Mormon researchers – you say “apologists,” intending to be disparaging, I think – have done much to call attention to evidence which is *consistent* with Book of Mormon historicity. This is evidence, full stop. Your argument is that mere consistency is too weak a claim, given what you would expect should be found if every word of the English-language restatement of plates as declared by Joseph Smith is taken completely literally. (Someone who wants to adhere to a literal understanding of Noah’s Flood runs into similar problems, but I digress.) You don’t propose to be satisfied with mere consistency and demand much more – a demand you feel pretty confidently can’t be met.

    That’s fine, of course – but suppose your demand could be met. Suppose a new Mesoamerican dig next week turns up, let’s say, another copy of the plates which turn out on translation to read a lot like the document produced by Joseph Smith. What then, Dr. Jenkins? I think you’d pretty much have to join our Church, right?, because we’d’ve proven our case. And then where would be the role of faith? John 20:29.

    So I don’t accept your argument from burden of proof here. I say instead that where evidence of consistency is combined with the evidence of the spirit (1 Cor. 2:14), I can be justified in belief – at least in the absence of the disproof that you admit doesn’t exist. If you say, well, what about DNA or what about elephants or what about XYZ, my answer is, let me look at that and try to understand it. We can talk about it. I have no desire to turn a blind eye to scientific inquiry. But I’m not (like some!) going to cry in a loud voice, “Woe is me! I’ve been lied to by Church leaders from Joseph on down!” at the mere mention of some such issue. That’s its own kind of cop-out self-justifcation which, likewise, can find parallels within others’ responses to more conventional Christianity.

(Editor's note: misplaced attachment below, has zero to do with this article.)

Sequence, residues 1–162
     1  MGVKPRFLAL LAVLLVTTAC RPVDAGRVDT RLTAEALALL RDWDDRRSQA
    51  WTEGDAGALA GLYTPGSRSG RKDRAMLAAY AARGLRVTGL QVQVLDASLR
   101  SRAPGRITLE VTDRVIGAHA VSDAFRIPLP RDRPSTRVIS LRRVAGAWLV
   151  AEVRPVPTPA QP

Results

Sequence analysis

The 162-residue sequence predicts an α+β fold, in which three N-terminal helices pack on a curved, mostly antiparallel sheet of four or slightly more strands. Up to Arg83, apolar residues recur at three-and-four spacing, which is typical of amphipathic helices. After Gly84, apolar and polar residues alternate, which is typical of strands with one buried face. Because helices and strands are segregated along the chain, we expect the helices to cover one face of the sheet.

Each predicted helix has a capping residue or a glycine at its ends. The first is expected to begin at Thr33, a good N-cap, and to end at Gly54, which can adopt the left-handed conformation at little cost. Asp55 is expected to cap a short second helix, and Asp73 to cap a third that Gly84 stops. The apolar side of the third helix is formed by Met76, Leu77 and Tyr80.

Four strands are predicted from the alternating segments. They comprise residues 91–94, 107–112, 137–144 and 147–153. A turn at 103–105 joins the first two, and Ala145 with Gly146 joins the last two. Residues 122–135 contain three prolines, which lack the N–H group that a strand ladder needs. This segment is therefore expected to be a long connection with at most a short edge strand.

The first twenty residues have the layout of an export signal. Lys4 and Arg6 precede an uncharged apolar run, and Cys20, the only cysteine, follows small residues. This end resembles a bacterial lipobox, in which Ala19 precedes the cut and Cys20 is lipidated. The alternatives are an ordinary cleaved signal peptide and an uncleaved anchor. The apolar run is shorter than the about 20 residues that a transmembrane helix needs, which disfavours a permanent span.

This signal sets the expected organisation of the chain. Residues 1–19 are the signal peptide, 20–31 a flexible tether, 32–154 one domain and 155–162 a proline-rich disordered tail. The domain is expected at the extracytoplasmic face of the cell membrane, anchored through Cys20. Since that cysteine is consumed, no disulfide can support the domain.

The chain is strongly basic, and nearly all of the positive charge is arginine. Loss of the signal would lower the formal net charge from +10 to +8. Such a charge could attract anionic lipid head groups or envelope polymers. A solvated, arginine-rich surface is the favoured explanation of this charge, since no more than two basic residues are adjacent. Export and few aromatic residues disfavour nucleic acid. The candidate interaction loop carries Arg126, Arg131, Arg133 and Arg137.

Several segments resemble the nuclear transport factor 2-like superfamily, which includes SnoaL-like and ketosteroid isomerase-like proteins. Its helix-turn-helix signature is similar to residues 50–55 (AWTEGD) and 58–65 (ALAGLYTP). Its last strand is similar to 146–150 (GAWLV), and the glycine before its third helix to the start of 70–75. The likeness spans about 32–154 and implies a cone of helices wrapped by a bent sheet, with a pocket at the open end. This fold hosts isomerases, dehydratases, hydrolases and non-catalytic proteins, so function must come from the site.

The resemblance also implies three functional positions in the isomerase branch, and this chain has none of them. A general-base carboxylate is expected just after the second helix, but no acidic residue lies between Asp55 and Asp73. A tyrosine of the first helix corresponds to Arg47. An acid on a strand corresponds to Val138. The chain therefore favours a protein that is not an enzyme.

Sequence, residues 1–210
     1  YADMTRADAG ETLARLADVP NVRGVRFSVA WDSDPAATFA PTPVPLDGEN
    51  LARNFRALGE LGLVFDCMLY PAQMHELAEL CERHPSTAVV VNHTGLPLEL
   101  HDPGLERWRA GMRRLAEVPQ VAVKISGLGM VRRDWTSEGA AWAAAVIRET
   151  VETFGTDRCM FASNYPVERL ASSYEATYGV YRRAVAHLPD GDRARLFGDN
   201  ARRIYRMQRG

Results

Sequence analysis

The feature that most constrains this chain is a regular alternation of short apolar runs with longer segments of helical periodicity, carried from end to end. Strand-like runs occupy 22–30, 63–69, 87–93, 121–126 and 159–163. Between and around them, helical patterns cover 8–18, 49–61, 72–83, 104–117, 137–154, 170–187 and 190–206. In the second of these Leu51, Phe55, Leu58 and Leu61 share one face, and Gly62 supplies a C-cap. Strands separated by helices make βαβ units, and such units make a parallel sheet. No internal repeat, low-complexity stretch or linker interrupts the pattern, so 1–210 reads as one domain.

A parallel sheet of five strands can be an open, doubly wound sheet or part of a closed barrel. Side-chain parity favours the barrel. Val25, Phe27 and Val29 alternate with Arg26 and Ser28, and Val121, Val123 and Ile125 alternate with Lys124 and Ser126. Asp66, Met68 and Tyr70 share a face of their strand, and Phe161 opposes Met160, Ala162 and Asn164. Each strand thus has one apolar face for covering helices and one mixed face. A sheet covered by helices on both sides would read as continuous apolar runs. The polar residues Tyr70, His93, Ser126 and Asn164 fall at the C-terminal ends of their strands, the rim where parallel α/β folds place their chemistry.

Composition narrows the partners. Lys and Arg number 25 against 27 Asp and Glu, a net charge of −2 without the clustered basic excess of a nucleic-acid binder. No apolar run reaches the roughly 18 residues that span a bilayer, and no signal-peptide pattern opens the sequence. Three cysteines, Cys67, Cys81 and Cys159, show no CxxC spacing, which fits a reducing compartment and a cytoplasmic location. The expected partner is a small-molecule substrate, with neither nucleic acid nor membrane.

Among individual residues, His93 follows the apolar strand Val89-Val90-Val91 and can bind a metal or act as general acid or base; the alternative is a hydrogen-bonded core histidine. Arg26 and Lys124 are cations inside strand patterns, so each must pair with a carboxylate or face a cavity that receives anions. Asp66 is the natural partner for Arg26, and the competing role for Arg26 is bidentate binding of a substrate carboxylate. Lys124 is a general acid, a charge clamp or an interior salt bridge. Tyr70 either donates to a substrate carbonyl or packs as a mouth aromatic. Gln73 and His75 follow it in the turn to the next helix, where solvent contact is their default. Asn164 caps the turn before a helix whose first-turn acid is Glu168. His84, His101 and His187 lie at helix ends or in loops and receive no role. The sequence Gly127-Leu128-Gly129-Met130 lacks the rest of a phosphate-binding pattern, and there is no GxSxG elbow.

I also find curious the oft-repeated idea that Mormons are fine people and they teach many good things, even if at its core there are many weird and false beliefs. We are told on good authority that good fruit doesn’t grow from a poisoned tree. Mormons are good people (by and large, of course – perhaps you know of exceptions) because of what they believe, not in spite of it.

  • Andrew Dowling

    “We are told on good authority that good fruit doesn’t grow from a
    poisoned tree. Mormons are good people (by and large, of course –
    perhaps you know of exceptions) because of what they believe, not in
    spite of it”

    The world is full of “good people” of many different religions . .do you honestly think Mormons have the market cornered on having generous communities/strong families? And who is saying “in spite of”? . . .Dr. Jenkins isn’t denigrating the overall values and ‘spirit’ of Mormonism, solely the historical claims. If you feel that the former depends on the latter, you will run into problems.

    “Lost in the debate – not lost on you, Dr. Jenkins, but on others it
    seems to me – is that the argument from scientific study known as the
    historicity argument which you level at the Book of Mormon will also, in
    similar but not entirely parallel ways, be leveled against more
    conventional Christian beliefs by those who will have none of them.”

    Yes, and there’s no problem with that. What is frustrating is that people do not treat the claims of their own upbringings as they would any other claims from anywhere else. That is called intellectual dishonesty and cognitive dissonance.

  • trytoseeitmyway

    Interesting that you implicitly assume, wrongly, that I am speaking of “the claims of [my] own upbringing.” So you can stuff your snide remarks about intellectual dishonesty, you know?

    Oh, wait, maybe that was intended to be a *general* statement, having nothing to do with me? Well, that’s OK then. You probably just meant to refer to your own cognitive dissonance maybe.

    But, anyway, I guess you agree with the observation regarding historicity arguments with the Book of Mormon finding similar issues when the subject is the canonized Bible. Thanks.